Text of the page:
Dear church: Be a place that embraces

Sep 2, 2015 by

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I entered Elizabethtown (Pa.) Mennonite Church on Aug. 27 with trepidation, unsure of how the “Listening and Vision Casting” meeting process would unfold or how comfortable I would feel speaking to the question of whether Lancaster Mennonite Conference should leave Mennonite Church USA over the “issue” of homosexuality. Looking around the packed sanctuary to see a sea of white faces, gray hair and a smattering of coverings, I felt out of my element.

As we began, however, I was surprised and impressed with the process for the listening session — the care taken to split several hundred people into small groups for discussion, and the sincere desire to get feedback from each person in attendance. I was the only woman in my group and definitely the youngest, and yet I was again surprised by the diversity of opinions shared. There were things that I agreed with and things that I did not, but it was an honest and respectful conversation, which I had not anticipated.

As each group leader went up to the mic to report on what was said, I was struck by a number of things. There was not at all a clear consensus — in fact, it seemed almost evenly split between those who wanted to leave and those who wanted to stay. However, I heard nearly everyone echo a commitment to biblical values — code for defining “homosexuality” as a sin — which was the underlying assumption of those gathered. So it was not this most fundamental question that was being addressed, but rather the question of what Lancaster Conference should do to best uphold this particular biblical understanding.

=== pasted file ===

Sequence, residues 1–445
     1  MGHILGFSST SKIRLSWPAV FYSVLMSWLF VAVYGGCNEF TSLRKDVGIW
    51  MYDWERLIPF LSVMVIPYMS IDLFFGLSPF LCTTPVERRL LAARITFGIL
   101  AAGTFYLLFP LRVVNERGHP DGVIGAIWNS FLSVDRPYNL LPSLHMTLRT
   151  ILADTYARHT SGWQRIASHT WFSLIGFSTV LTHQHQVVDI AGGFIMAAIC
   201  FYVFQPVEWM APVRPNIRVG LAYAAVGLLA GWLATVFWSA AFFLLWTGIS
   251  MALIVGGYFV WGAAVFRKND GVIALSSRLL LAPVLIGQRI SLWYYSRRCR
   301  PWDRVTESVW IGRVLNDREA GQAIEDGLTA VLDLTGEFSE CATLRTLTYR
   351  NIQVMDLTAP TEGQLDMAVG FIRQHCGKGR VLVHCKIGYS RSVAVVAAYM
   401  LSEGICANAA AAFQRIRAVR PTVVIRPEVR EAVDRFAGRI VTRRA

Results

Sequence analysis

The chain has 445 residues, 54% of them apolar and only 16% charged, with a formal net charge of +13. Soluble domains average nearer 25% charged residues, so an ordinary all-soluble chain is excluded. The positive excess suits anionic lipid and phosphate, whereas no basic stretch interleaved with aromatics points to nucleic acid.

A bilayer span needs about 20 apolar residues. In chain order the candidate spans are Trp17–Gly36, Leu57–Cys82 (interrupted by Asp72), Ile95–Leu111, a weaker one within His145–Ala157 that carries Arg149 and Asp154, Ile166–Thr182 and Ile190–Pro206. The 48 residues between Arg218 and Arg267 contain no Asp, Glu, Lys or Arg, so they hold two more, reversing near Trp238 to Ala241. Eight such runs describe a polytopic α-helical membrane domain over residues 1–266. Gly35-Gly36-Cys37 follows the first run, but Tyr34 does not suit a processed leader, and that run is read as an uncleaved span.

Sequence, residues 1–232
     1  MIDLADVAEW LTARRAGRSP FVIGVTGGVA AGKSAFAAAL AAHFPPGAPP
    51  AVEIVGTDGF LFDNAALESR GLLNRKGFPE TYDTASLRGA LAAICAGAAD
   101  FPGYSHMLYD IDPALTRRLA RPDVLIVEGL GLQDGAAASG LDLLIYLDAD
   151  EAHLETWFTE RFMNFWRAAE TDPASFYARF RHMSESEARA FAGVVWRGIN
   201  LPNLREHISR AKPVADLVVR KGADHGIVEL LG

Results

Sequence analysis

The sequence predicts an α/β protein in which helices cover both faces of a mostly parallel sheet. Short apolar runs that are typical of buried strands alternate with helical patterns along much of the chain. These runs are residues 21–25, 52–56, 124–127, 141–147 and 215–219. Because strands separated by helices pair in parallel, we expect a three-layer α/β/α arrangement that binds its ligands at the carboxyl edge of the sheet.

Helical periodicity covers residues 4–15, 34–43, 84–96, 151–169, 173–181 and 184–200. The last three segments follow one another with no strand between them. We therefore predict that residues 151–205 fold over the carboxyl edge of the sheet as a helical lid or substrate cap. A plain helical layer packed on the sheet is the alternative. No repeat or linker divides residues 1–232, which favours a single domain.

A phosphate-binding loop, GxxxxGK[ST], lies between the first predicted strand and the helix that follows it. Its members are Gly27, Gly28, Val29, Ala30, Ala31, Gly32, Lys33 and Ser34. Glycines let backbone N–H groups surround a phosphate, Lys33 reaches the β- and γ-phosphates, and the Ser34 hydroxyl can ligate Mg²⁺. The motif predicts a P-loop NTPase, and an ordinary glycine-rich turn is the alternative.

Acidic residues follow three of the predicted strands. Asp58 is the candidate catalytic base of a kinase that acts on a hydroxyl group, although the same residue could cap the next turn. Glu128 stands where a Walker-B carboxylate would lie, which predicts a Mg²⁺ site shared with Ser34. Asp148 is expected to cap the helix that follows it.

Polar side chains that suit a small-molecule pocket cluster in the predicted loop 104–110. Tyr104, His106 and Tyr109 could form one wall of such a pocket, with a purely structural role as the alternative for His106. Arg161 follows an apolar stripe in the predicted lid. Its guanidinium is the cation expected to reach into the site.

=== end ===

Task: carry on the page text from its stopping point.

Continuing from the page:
Listening to all of this, what it seemed to come down to was that those wanting to leave saw this “issue” in black and white, and felt a moral imperative to separate themselves from what they saw as a slippery slope leading them to accepting “sin.” Whereas those who wanted to stay, while having this same biblical understanding, also recognized that we will never agree on everything and in fact diversity and differences of opinion are a positive thing. They were willing to live in the tensions, and felt that there is value in holding onto unity amidst differences — focusing on what brings us together rather than what separates us.

On the question at hand — to leave or not to leave — I would fall in the latter category. I am all about living in the tensions and seeing shades of gray. And as I’ve heard my own pastor articulate many times, harmony in the midst of differences is truly a powerful thing for a church to embody. But to be honest, I don’t know what the best direction for Lancaster Conference is, because I take issue with the fundamental assumption that everyone in that room was operating on.

My vision for Church — not just Lancaster Conference or MC USA, but the Body of Christ — is to be a place that is openly accepting and affirming of LGBTQ people, that rejects a reading of Scripture which labels the identities people are born with as “sin,” and instead holds to a biblical understanding which embraces people of all sexual orientations and gender identities as created by God and equal in every way.

I would venture to say that all of us long to be seen and embraced for who we are. If there is any place where that should be true, it is church. My pastor often says that “confession” is naming who we are and what we bring. None of us want to be defined solely by any one of our identities — we want to be seen as whole people. Yet neither do we want to feel that we must hide any piece of ourselves out of fear that we might be rejected. So please, Church, be the place where we can bring our whole selves — and be loved and embraced for all of who we are.

Amanda Arbour lives in Harrisburg, Pa., where she attends New Hope Community Church. This first appeared on her blog, Along Cracked Sidewalks.

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